of my heroes is British runner Ron Hill. When I was running cross-country
in high school I watched Hill win the Boston Marathon clad in Union
Jack-decorated clothing. His performance and flamboyance were inspirational
to me. But what most amazed me and what motivates me to this day is
his amazing dedication.
Hill has run every day since 1964! Imagine: Sick with fever; on business
trips; when kids were born; while depressed; no matter how legitimate
the distraction, he's true to his commitment and gets in his workout.
Hill is an exceptional individual with an incredible work ethic that
not all can emulate. You can however, use his extraordinary example
of commitment to motivate yourself when life topples your well-laid
exercise plans. To help, we've compiled some important guidelines. Keep
these in mind when a crazy schedule or predicament tempts you to give
up on your fitness goals.
You deserve the exercise you scheduled-stick
with your plan no matter what. Don't hesitate to be direct and tell
people that exercise is a priority to you, one of the few things you
do for yourself, and you're going to fit it in even if it means giving
something else up. Expel any guilty feelings by remembering that without
exercise you'll feel a lot different about yourself and might even act
different-many people do.
Once a week, or at least every
evening, plan how to fit your workout in the following day and do
your darndest to make it work. Then, don't let setbacks stifle
your urge to train. For example, if a sudden business meeting uses
up the lunch hour you slated for a workout, when you get home, hit
the trail, gym, or road before dinner. Or
an hour after dinner, slip out for your workout. If you decide that
nothing will deter you from your plan, you can always find a way.
And every time you beat the odds you'll feel great.
Think of surprises as opportunities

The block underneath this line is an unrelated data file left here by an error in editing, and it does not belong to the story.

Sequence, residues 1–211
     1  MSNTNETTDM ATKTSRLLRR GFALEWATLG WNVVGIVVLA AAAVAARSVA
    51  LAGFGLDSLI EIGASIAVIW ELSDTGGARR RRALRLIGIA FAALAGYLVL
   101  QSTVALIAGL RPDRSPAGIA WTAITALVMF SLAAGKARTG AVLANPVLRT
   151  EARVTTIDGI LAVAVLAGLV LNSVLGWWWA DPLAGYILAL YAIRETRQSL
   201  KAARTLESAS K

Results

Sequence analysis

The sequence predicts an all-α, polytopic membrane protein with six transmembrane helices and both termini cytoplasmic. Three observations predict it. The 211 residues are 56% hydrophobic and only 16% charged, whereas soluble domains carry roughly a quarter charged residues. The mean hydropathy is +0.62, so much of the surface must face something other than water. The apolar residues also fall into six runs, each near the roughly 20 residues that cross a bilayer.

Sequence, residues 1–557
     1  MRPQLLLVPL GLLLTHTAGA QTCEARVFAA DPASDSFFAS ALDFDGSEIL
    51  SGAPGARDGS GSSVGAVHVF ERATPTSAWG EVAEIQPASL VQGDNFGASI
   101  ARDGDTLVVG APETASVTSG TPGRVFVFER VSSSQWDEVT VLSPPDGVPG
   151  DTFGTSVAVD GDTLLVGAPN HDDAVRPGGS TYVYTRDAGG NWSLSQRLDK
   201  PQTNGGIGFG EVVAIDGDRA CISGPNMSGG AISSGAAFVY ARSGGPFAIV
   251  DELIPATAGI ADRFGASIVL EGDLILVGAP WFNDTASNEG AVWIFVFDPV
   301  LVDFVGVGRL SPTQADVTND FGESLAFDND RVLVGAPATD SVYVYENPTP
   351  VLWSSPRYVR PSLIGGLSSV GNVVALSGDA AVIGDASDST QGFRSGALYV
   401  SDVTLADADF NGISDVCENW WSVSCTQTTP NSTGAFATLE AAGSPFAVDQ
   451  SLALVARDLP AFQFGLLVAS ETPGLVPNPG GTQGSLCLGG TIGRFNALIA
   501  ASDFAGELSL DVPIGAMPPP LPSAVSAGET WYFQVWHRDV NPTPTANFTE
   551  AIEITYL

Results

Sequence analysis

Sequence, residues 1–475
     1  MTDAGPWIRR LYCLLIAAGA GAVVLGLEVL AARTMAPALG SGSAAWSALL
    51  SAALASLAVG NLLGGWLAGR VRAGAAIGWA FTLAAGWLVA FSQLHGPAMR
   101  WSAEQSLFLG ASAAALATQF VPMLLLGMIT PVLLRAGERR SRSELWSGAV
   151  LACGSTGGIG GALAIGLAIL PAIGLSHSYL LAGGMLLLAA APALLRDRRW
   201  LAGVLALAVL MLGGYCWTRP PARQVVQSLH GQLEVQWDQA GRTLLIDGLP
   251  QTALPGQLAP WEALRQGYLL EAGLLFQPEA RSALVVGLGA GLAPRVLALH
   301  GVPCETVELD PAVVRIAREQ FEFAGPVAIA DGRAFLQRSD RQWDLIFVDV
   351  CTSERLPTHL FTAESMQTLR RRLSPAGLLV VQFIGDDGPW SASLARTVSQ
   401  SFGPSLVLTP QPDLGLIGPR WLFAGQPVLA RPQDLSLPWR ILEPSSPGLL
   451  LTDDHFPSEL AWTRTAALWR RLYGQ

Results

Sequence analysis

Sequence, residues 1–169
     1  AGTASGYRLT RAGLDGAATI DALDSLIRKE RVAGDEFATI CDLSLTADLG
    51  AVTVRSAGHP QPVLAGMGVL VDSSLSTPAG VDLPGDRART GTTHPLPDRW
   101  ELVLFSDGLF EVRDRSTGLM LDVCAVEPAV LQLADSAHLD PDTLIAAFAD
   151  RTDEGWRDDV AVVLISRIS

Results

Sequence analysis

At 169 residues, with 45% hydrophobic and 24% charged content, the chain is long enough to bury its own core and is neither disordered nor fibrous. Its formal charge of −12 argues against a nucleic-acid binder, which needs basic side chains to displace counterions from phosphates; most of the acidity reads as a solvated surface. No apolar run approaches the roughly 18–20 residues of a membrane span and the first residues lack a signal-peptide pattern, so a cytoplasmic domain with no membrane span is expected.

and you'll be able to handle schedule problems. If you plan a long bike
ride for Wednesday morning before work and you oversleep, don't get
upset. Instead, reason that you probably needed the rest and try to
fit in a short ride before work, during the day, or in the evening.
Or maybe just take a long walk at lunch. Remember that you can always
adjust workouts later in the week if necessary. This flexibility will
help reduce the stress level and you'll feel less pressure attaining
It may take ingenuity to stick
to your plan. Maybe you'll need to squeeze in a workout by walking,
running, or biking to work or home. Traveling on business? Try booking
rooms in hotels with gym facilities. Or you might improvise like Thomas
Prehn, a champion cyclist who travels to Japan frequently. Because he's in meetings
most of the day, Prehn found it impossible
to train on these trips-until he had the idea of traveling with a Bike
Friday folding bike and an indoor training stand. The trainer and the
Bike Friday fit in the same suitcase so when Thomas reaches his hotel
he combines the bike and trainer to create an exercise bike he can use
in his own room. Now there's a resourceful guy.
To help remain motivated and get
your workouts in, it'll help to focus on your goals. If you're determined
to accomplish them, you'll find ways to do what needs doing. Every time
you feel things getting out of control, think about what you're working
up to, key on how great it will be if you can reach your goal, and you'll
find yourself motivated and more determined than ever to do what it
takes to stay on track.
One big part of successfully reaching
a goal is to expect problems and have solutions in mind. Many athletes
have short but high quality workouts in the hopper that they can squeeze
in when the actual planned training falls through. Sure, they don't
get the same result but having an alternative plan helps reduce stress
and even a different workout is far better than skipping one.
This article is brought to you by Asimba, Inc.
Copyright 1999 Asimba, Inc. All rights reserved.
Schedule it - If it's not on your schedule, it's too easy to
2. Create a goal - Goals get us over the hurdle on those "down"
days when we' rather skip. Break long-term goals into short-term goals.
If you have trouble seeing yourself jogging 3 miles, start with one,
then add on in small increments. Starting is over half the battle.
3. Visualize Reaching Your Goal - All the major athletes do this
one because they know that it's hard to become what you can't envision.
4. Track your progress - Maybe it's an exercise journal, maybe
it's taking measurements. Somehow let yourself see the improvement when
it starts showing up.
5. Get support - Whether it's a friend, a spouse, or a fitness
club, give yourself some support for those times when you need a little
external nudging. It's helpful to tell friends and family what your
going for and to encourage you.
yourself with both intrinsic and extrinsic things such as:
- Talking to yourself positively
- Rewards after reaching goals
- Buying a good workout outfit
- Exercising in a variety of ways, especially ones you like
- Get ahold of some good music